As with other platforms based on XML, the WAP/WML technology-set is still emerging into the mainstream. As of the writing of this paper, WAP/WML is much more established in Europe than in North America, where the competing Handheld Device Markup Language (HDML) standard is still more prominent. However, research revealed that both WML and HDML standards were created by the same organization: Phone.com. As a member of the WAP Forum, Phone.com is openly dedicated to promoting WAP/WML over HDML, in large part due to its XML-compliance. The fact that it has been used successfully in Europe somewhat reduces the risks typically associated with new technologies.
A major issue with any wireless technology is hand-held device support. The WAP Forum consists of a number of major hand-held device manufacturers, and the latest generation of devices released by these manufacturers naturally have WAP/WML support, however many older devices, and devices from other manufacturers do not. Additionally, compatibility issues exist, even among those devices that do promote WAP/WML support. This is reminiscent of the Web browser compatibility issues, where Microsoft's Internet Explorer would not only render standard HTML tags differently from Netscape Navigator, but each browser would also support proprietary extensions to HTML, requiring developers to create two versions of many Web pages, and then programmatically detect which browser was accessing a Web site in order to determine which Web page to respond with.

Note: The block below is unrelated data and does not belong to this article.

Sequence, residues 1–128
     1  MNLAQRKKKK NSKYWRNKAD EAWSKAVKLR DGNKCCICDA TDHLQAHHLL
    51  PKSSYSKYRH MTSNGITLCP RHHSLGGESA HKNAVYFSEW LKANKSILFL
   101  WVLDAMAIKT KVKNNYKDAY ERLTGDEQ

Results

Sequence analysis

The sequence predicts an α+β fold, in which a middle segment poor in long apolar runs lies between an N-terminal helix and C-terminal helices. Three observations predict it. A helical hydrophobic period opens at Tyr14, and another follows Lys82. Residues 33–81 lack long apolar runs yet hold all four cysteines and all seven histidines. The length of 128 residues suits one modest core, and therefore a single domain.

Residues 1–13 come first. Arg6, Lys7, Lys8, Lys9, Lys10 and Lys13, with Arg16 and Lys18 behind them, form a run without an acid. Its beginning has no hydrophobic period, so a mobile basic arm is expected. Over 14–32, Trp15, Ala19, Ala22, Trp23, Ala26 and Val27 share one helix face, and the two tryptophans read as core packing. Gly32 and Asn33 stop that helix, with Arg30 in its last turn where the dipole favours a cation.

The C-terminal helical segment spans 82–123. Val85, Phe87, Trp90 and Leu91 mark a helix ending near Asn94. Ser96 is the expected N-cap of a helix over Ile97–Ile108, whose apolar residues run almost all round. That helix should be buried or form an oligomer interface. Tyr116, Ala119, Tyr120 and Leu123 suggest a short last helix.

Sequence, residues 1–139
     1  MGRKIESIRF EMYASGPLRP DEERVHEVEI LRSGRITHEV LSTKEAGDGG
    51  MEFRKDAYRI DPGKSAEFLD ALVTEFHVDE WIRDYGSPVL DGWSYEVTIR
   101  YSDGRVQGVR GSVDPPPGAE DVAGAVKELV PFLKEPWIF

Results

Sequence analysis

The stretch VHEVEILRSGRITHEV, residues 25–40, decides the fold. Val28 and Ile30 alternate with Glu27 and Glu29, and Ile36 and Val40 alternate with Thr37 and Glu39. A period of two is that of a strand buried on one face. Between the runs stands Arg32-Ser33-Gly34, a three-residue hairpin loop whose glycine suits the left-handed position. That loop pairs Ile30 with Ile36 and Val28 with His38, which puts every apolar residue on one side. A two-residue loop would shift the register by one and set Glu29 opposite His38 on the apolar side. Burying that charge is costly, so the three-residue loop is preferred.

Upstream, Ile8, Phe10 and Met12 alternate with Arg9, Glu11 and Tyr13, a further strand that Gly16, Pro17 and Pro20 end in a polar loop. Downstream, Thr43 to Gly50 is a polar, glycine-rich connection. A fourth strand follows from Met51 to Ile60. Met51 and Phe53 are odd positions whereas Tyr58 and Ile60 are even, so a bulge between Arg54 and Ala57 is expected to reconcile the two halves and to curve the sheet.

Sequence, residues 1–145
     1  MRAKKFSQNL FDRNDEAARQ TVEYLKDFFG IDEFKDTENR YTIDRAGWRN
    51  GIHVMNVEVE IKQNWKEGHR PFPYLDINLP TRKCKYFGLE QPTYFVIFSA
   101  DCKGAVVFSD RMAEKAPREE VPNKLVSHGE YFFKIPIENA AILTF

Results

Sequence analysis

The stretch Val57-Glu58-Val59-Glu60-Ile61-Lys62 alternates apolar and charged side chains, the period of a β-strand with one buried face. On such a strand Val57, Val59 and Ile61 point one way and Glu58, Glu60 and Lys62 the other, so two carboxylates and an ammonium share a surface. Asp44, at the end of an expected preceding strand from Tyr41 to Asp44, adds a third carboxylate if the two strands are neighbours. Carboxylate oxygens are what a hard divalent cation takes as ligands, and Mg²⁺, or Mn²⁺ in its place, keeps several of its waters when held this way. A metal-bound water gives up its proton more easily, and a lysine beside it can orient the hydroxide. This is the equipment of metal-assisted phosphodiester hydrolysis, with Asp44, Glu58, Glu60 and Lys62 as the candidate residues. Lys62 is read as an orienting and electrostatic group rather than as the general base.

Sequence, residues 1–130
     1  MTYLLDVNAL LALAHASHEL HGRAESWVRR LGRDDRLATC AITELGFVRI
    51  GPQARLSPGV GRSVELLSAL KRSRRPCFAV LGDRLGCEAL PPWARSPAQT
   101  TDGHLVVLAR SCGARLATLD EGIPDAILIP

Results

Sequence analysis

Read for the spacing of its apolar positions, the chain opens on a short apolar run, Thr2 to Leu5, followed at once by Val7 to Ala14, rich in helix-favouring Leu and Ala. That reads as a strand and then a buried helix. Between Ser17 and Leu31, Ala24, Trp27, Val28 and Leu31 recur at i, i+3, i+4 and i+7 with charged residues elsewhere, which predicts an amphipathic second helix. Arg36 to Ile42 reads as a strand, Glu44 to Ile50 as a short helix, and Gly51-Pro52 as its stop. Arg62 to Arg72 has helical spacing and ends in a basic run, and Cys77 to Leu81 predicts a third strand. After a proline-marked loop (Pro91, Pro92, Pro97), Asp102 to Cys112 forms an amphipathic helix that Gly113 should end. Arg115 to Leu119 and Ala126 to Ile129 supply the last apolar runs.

Even though WAP is establishing itself world-wide, it is by no means yet the de facto standard for global wireless technology. Several organizations are still actively working on competing solutions, most notably, Japan's i-Mode system, which boasts faster Internet access and enhanced navigation capabilities.
Extending your XML enterprise with wireless technology is pretty straight-forward, especially if that technology is already based on the use of XML. The greatest impact to your organization's infrastructure will be the introduction of a new server layer: the WAP gateway. Responsible for translating (encoding and decoding) data sent to and from the hand-held device, this server product can be expensive to own and maintain, which is why many organizations simply host their wireless applications with ASPs that offer gateways. Since your Web server acts as the contact point for the gateway server, your back-end remains fairly unaffected.